This book introduces the elements of a solid story and methods for obtaining them. Try to embrace a few techniques, while modifying others to suit your storytelling approach. The following section details a process for draft revision. Take what you can use and incorporate it into your own revision process. Make note of the revision aspects that you like the least. Those are probably areas where you need work.

Christopher Klim is the author of several books including and the novel, Idiot!, and the short collection, True Surrealism. He is currently working on a novel trilogy about the space program past, present, and future.

Next: Professional Revisions – Level One: The Opening

Your Literary Estate, Part Two: Managing Your Work

When you pass from this life, your literary executor will be hard at work. (see Your Literary Estate, Part One: Assigning a Literary Executor) A literary executor with full power will manage your work for the benefit of your heirs and receive some form of payment as a result. Some of your literary executor’s duties will include

  • overseeing existing work and contracts,
  • negotiating contracts for published and unpublished works,
  • perhaps canceling contracts or activating contract options,
  • managing your letters and papers, including perhaps disposing of portions,
  • filing the proper papers regarding rights and copyright,
  • evaluating your literary estate for various assessment purposes, and
  • assigning a successor to his duties if he/she cannot perform them.

Your literary executor will not have control of your work’s copyright (i.e. ownership). That will belong to your heirs. However, a literary executor with full power will not have to consult your heirs during negotiation of those rights. If you do not want your literary executor to manage certain work or have specific powers, including exclusive negotiation rights or the assignment of a successor, these aspects should be specifically outlined in the document that assigns your literary executor. One compromise is to have your literary executor act as an experienced advisor to your heirs, consulting with them on all decisions and then implementing agreed upon terms.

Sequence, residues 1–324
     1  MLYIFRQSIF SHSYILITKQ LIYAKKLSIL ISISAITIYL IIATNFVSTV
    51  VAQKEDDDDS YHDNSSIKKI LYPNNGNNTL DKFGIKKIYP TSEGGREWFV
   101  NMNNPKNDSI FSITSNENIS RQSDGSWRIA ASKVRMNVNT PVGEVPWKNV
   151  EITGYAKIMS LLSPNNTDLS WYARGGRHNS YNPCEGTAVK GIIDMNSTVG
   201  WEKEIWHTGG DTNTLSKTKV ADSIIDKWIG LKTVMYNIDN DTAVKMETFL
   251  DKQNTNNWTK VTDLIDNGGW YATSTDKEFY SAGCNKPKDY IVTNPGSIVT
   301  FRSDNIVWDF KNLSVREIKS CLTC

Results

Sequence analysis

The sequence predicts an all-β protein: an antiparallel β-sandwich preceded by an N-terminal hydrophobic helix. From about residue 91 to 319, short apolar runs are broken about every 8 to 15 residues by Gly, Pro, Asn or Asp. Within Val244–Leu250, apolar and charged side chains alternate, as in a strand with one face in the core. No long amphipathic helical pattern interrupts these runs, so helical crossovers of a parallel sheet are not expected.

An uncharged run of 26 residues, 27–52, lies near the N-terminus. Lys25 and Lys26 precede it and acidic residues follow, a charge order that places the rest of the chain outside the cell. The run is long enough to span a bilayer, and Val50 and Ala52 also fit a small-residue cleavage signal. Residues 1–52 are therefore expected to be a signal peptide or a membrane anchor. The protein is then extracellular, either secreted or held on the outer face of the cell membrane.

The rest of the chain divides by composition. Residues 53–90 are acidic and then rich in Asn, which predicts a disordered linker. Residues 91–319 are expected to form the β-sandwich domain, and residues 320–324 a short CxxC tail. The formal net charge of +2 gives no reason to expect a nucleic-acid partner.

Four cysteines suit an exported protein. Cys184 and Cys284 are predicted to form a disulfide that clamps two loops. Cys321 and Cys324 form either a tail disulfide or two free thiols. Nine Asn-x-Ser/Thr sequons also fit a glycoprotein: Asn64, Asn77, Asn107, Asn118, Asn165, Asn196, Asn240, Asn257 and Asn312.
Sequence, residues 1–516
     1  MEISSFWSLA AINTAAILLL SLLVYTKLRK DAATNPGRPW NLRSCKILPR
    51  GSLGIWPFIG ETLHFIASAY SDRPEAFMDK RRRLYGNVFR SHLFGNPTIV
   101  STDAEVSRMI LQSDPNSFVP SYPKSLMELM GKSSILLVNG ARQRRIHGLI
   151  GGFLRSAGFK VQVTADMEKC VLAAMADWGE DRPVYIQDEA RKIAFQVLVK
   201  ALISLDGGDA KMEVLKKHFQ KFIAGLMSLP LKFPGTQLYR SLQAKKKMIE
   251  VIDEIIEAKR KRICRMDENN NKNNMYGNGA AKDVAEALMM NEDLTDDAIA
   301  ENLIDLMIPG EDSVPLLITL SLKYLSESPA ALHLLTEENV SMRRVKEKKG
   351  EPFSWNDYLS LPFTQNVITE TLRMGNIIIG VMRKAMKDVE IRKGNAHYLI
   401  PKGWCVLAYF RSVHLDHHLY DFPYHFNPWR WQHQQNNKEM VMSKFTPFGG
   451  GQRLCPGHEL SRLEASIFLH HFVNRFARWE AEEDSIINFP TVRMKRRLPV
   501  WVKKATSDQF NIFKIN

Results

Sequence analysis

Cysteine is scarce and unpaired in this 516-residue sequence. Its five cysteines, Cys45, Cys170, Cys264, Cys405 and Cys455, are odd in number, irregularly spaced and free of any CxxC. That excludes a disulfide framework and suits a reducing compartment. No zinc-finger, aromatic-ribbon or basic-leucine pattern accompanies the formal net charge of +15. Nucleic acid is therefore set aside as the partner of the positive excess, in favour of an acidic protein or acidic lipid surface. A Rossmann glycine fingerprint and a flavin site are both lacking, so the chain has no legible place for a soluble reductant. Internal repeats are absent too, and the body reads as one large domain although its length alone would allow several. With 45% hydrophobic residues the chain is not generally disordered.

Assigning a literary executor is not all about contract negotiation and oversight. It also involves handling your literary papers and letters. Robert Gover had told me that some of his manuscripts and letters were already stored at the Boston University’s Howard Gotlieb Archival Research Center, and so it made sense to move his remaining papers to that institute—a process that took over a year to bring to fruition. Otherwise, I would have had to locate a respectful archive for his papers.

For the Eric Hoffer estate, his papers had already been stored at the Hoover Institute, but with regular rights inquiries, it was important to have access to existing contracts in order to help avoid copyright conflicts. I began collecting contracts before his initial heir died. (I was not there when Hoffer died, but brought on by his initial heir.) Obtaining copies of existing contracts is a protracted process. In my experience, publishers will be intentionally unhelpful. They have a long history of hiding royalties from authors, as well as assuming rights that they had never obtained. Make sure your literary executor knows everything you do, so he/she can make the best decisions. Slapping a firm letter on a publisher with the power of an informed literary executor is better on any day than filing a lawsuit. The big publishers will out-wait and out-lawyer you every time.